Bobby’s Story

Bobby was born and raised Butte County, California. His childhood was rough; abuse and mental health issues framed his upbringing until he couldn’t take it any more and he ran away to the unforgiving streets of Sacramento at the age of 16. Life wasn’t much better on the streets, which left Bobby desperate for relief from the constant chaos and uncertainty. He checked himself into a group home initially, but quickly decided to move on to be with his mom, who was living in Everett, Washington at the time. So he packed up his things and headed north to be with her.

Shortly after moving to Everett, greater opportunities led them to the Chelan/ Wenatchee area where he found work at a packing plant, and met the woman who would become the mother of his two precious children. At the age of 19 Bobby found himself a new father, and quickly rising in the ranks at work thanks to his hard work and attention to detail. He was promoted to heading up quality and quantity control, and was also working towards buying his first home in Leavenworth. Things were looking good for a kid who had been given less than most, and found himself with an opportunity to do more than just make ends meet. However, something else was growing too. The drugs started off as just a once in a while or at a party type thing with his girl and him, but as they so often do, the drugs began to demand more and more attention as the addiction worsened. They became weekend warriors, followed by everyday users. They were stuck, and it was ruining their lives.

The fighting got physical between the two of them, and Bobby ended up in prison, which he admitted was the right call; he was out of line. In addition to prison time there was also a no contact order placed on him that he wasn’t aware of. On getting out Bobby’s girlfriend found him and the relationship, with all its baggage, ensued until they were stopped by authorities and Bobby found himself in prison again, only this time it would be for 5 years. Depression got bad and then everything fell apart.

On the outside the kids’ mom wasn’t doing very well either, and ended up striking a deal with the state that backfired on her, and as a result she and Bobby lost custody to their kids. The kids were adopted and there was nothing Bobby could do from behind bars. Around the same time Bobby’s father passed away, and all the guilt of not being there for anyone that mattered to him due to his actions grew deeper, consuming him more times than not. Upon getting released in Spokane in 2017, Bobby was able to quickly gain employment and an apartment, but he couldn’t get free of the guilt, shame and depression that continued to haunt him. It was too much to bear and the addiction won over again. In an attempt to get away and start over Bobby moved back to Everett with his sister. However, upon finding out that his mother, who was still in Spokane, was sick and on the streets herself, he decided to come back to help her. He couldn’t see a way to help her from afar and she needed him more than a job would allow. So, he chose the streets to be with his mom over pursuing his own freedom.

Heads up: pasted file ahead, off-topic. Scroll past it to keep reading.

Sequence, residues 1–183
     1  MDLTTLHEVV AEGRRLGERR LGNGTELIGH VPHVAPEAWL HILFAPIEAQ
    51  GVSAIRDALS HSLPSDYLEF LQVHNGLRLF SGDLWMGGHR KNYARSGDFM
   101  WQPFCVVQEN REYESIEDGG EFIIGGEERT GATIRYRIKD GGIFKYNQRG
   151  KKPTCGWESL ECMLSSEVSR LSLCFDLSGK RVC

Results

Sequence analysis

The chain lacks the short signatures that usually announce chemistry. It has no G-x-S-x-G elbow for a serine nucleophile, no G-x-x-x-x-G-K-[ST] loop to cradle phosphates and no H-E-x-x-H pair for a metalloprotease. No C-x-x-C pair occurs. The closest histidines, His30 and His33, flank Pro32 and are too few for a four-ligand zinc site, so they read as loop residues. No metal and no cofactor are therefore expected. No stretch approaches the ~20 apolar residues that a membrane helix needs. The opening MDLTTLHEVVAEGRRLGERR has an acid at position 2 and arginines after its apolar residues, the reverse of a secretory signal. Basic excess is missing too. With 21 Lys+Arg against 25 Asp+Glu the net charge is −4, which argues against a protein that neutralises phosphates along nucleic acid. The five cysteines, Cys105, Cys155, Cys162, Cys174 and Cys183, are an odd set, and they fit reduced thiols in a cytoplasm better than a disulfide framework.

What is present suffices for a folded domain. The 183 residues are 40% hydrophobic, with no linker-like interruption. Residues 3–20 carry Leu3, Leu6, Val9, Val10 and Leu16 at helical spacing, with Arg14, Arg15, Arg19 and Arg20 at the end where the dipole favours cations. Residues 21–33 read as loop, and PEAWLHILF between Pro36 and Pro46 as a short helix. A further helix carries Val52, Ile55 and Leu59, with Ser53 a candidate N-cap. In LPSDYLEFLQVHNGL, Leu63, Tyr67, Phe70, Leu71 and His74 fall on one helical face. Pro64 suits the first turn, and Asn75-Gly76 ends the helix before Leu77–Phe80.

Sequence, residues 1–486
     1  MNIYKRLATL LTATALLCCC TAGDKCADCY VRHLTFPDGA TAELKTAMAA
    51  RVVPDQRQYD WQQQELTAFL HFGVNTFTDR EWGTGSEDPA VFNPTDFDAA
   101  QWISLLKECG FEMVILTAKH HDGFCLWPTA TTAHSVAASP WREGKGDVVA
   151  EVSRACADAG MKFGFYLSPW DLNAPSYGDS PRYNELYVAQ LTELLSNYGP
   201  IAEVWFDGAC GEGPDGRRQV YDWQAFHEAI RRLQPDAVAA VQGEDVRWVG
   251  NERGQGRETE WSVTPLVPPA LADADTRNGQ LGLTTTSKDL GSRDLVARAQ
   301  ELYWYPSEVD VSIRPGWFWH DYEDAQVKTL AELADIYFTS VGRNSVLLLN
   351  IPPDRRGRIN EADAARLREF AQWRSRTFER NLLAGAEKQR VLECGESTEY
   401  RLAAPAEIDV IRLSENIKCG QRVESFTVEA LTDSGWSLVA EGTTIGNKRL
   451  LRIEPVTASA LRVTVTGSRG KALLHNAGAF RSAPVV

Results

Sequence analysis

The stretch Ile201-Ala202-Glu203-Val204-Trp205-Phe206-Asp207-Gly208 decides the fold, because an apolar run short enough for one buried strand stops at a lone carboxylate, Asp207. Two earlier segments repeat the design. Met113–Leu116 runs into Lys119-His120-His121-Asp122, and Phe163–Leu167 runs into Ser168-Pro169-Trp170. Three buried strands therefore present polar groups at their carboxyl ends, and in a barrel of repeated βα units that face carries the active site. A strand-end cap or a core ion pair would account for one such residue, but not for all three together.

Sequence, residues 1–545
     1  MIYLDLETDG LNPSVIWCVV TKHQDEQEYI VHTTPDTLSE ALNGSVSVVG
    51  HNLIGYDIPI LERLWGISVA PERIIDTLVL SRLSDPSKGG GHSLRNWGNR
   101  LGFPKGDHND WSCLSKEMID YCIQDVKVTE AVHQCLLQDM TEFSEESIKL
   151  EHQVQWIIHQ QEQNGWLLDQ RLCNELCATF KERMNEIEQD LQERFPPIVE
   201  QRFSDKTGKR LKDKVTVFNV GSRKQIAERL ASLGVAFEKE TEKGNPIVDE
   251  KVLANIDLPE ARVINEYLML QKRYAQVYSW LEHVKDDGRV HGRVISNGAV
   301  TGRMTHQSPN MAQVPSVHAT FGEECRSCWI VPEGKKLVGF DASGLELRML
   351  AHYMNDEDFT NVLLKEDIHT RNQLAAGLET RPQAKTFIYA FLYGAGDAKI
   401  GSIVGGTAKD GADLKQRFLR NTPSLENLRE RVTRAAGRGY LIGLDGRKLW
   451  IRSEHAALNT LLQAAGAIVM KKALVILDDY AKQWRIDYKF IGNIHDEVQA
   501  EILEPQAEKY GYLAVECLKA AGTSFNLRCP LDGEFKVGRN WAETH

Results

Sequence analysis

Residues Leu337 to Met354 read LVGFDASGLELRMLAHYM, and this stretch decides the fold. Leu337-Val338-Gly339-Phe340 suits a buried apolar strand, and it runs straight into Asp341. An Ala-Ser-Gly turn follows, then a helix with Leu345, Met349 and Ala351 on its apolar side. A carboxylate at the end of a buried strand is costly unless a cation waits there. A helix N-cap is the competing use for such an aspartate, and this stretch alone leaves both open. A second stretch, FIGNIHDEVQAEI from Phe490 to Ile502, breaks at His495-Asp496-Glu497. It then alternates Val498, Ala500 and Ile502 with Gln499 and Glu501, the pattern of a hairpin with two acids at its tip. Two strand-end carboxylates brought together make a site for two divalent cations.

The streets and the addictions are ruthless companions that always take more than they give, but sometimes they seem to be the only thing keeping the pain and the chill of death away. Bobby painfully explained how meth had ruined his life, and still to this day stalks in the shadows waiting for any opportunity to steal the next opportunity. Yet it is also the very thing that has enabled him to survive some brutally cold nights with enough energy to keep moving so he doesn’t freeze to death. A torturous rock and in impossible hard place. He wants out in the worst way, and he knows he needs help.

As we talked I saw a 31 year old man who has a huge heart for others. Who deeply misses his babies and regrets many of the decisions he’s made in his life. At the same time, Bobby is not a man who has completely lost hope! He’s here at the shelter with his mom making sure she is alright and not alone. He’s been sober almost 4 weeks, and while he has already gotten off the suboxone and heroin, he knows he needs to get into a program to kick his last addiction: meth. Yet, he refuses to leave his mom behind. He refuses to leave another family member in their time of need, an he’s determined to help her get into her own housing where she can be safe and cared for, and until then his future is on hold.

For now getting clean is step one. He is focused on that and that alone. He knows that if he is going to accomplish his goal of getting his mom cared for, getting his own place, getting back into the workforce, and out of the DOC’s crosshairs that his addiction needs to be dealt with first. If he’s not clean, nothing will move forward. This is the plan, this is where Jewel’s Helping Hands really helps.

Bobby said, “if it wasn’t for Julie Garcia and her team, I would probably be dead right now. She’s like a second mom to me with how she loves me and helps me move forward.” At the shelter Bobby gets help with medical, housing and support getting back on his feet. And because he’s not fighting for his life every night he has been able to remain sober more and more. Gaining these little victories gives hope and sets vision in peoples hearts. For Bobby, he sees himself sober, giving back to the homeless community through Jewel’s and working with his hands again in construction. But for now he’s going to continue to help out his mom, and even give the shirt of his back to his fellow roommates like he did when one of them had their bag stolen.